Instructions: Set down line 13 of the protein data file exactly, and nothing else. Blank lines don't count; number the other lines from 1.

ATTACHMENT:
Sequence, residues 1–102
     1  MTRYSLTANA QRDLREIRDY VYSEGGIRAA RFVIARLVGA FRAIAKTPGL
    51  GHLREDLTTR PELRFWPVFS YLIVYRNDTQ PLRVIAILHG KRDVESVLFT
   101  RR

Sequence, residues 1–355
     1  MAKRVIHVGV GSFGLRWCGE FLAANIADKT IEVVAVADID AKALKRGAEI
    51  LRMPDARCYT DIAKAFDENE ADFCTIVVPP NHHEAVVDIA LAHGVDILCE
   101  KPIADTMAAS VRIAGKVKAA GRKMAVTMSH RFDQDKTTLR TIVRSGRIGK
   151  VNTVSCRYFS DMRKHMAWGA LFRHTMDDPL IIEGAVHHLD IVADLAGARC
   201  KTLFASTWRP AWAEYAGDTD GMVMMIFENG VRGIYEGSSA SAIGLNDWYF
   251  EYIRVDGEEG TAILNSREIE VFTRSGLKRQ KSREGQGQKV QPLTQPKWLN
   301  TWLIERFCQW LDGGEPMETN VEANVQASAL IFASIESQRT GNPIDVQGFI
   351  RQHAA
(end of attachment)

   351  RQHAA